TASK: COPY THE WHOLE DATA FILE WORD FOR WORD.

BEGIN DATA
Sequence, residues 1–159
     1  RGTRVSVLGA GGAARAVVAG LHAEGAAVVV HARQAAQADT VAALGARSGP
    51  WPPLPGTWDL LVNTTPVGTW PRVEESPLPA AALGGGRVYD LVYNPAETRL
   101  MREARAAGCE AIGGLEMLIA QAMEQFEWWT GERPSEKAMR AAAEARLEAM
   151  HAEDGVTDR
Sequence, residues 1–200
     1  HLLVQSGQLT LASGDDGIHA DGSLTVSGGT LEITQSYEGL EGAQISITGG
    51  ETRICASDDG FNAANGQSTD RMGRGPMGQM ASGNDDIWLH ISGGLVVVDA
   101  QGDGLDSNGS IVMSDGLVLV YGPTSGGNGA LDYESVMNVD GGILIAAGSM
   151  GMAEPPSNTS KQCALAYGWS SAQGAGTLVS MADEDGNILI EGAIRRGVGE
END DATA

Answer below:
Sequence, residues 1–159
     1  RGTRVSVLGA GGAARAVVAG LHAEGAAVVV HARQAAQADT VAALGARSGP
    51  WPPLPGTWDL LVNTTPVGTW PRVEESPLPA AALGGGRVYD LVYNPAETRL
   101  MREARAAGCE AIGGLEMLIA QAMEQFEWWT GERPSEKAMR AAAEARLEAM
   151  HAEDGVTDR
Sequence, residues 1–200
     1  HLLVQSGQLT LASGDDGIHA DGSLTVSGGT LEITQSYEGL EGAQISITGG
    51  ETRICASDDG FNAANGQSTD RMGRGPMGQM ASGNDDIWLH ISGGLVVVDA
   101  QGDGLDSNGS IVMSDGLVLV YGPTSGGNGA LDYESVMNVD GGILIAAGSM
   151  GMAEPPSNTS KQCALAYGWS SAQGAGTLVS MADEDGNILI EGAIRRGVGE